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Images of comet
Left: Comet (center) amidst stars in the background
Right: Image of comet as it moves across the sky, a faint tail can be seen extending to the southwest (images: Canada-France-Hawaiʻi Telsecope)

A new comet discovered this summer by University of Hawaiʻi’s Pan-STARRS1 telescope atop Hakeakalā may become bright enough for spectators to see as it moves closer to Earth. UH Institute for Astronomy (IfA) astronomer Robert Weryk first spotted the comet on July 26, and after it was reported to the Minor Planet Center, telescopes from around the globe confirmed its cometary nature.

The discovery was officially announced August 1, and is named comet C/2021 O3 (PANSTARRS). At last check, the non-threatening object is about four times as far from the Earth as the Sun. It will become brighter and could be visible to the naked eye in late April or early May 2022.

Pan-STARRS1 near the summit of Haleakalā, Maui at dawn. (Photo credit: Rob Ratkowski/PS1SC

“We are thrilled that Pan-STARRS has discovered a new comet that many people on Earth may be able to see,” said IfA Astronomer Richard Wainscoat, who leads the Near-Earth Object (NEO) survey project with Pan-STARRS. “Although it may be a little challenging to see with the unaided eye, it should be easy to see with binoculars or a small telescope.”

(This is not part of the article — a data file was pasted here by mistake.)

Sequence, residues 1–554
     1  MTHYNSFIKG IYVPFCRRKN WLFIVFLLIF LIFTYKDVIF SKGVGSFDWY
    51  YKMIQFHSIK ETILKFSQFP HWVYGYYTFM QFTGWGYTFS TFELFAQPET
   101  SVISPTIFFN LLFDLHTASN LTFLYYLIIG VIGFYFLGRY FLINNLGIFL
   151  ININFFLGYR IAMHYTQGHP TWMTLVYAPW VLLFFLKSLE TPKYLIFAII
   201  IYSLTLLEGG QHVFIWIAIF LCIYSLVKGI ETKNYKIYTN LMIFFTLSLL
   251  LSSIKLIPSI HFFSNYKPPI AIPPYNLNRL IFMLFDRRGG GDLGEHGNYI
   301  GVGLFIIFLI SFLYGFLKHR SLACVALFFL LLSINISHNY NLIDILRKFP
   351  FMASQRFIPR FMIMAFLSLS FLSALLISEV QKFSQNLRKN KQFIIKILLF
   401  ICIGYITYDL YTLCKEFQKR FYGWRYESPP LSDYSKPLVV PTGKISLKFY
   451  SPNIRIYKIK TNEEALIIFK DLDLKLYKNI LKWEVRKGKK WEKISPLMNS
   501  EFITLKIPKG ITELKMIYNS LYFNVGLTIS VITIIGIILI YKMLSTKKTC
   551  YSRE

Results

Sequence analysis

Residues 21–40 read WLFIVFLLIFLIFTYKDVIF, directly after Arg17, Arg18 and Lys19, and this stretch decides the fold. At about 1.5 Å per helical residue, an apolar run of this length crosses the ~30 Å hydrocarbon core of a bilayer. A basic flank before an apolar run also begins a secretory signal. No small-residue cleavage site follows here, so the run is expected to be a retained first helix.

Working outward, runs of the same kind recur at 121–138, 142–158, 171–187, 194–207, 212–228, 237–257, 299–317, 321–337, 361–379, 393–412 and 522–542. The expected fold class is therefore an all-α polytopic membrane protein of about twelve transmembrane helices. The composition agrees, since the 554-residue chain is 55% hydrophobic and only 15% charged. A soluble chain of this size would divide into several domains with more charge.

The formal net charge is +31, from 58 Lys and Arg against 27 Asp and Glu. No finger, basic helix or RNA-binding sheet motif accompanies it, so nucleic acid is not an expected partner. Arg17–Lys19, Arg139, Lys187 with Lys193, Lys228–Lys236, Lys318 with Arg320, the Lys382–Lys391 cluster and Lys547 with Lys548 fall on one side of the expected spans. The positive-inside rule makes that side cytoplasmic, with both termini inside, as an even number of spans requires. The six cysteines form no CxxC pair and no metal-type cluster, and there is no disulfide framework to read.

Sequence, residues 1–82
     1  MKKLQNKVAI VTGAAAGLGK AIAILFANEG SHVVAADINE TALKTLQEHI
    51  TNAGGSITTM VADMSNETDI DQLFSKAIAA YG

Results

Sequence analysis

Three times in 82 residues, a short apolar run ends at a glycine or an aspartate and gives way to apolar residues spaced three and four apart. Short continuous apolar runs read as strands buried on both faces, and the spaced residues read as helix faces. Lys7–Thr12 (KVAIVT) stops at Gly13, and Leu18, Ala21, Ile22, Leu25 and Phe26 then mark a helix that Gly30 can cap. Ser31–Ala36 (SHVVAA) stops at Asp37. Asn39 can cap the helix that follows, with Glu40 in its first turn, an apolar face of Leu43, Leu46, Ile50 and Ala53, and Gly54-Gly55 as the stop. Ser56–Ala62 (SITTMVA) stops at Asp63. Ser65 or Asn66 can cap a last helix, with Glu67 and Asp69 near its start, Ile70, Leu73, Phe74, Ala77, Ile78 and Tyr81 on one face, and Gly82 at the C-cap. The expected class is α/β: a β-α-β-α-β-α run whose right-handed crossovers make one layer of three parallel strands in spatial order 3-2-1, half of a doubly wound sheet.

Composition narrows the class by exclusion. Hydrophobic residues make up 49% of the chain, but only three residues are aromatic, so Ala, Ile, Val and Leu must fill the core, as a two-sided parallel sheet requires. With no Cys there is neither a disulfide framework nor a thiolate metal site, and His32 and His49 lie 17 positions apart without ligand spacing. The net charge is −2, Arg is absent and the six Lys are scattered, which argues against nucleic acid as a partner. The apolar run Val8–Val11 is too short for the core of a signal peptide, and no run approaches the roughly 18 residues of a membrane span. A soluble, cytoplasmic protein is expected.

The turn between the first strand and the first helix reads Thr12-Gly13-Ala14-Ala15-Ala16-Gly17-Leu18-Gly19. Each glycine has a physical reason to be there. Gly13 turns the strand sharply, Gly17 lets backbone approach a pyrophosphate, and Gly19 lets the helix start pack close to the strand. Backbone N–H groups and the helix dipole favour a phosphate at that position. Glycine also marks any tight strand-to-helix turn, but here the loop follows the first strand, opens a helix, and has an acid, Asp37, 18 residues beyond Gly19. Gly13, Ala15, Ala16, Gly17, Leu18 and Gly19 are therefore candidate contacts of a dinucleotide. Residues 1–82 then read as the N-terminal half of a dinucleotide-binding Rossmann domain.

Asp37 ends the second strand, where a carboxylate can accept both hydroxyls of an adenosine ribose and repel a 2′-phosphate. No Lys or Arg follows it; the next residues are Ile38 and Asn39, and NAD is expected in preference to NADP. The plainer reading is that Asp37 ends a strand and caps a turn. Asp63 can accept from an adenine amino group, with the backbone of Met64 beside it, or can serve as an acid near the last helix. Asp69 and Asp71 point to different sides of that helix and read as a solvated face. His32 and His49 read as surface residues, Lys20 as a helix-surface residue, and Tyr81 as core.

As Comet C/2021 O3 (PANSTARRS) approaches the Earth and the Sun next spring, the Sun’s radiation will warm the surface of the comet which will cause it to brighten as gas and dust are released from its icy surface. According to Wainscoat, the comet will be closest to the Sun on April 20, 2022, and will pass inside Mercury’s orbit.

Monitoring movement on Maunakea

UH astronomers will use telescopes on Maunakea to study the comet as it approaches and after it has passed the Sun. Some comets do not survive such close passages to the Sun. The best chance to see the comet may be in the first few days of May (before the Moon becomes too bright), when the comet will be low in the western sky after sunset. It may be easier to see from the neighbor islands than from Oʻahu, where there is more light pollution.

Pan-STARRS searches the sky every night for moving objects in an effort to discover NEOs such as asteroids and comets that may pose a threat. The 1.8-meter telescope is a world leader in finding larger NEOs, and is funded by NASA’s Planetary Defense Coordination Office through its Near-Earth Object Observations Program.

This research is an example of UH Mānoa’s goal of Excellence in Research: Advancing the Research and Creative Work Enterprise (PDF), one of four goals identified in the 2015–25 Strategic Plan (PDF), updated in December 2020.

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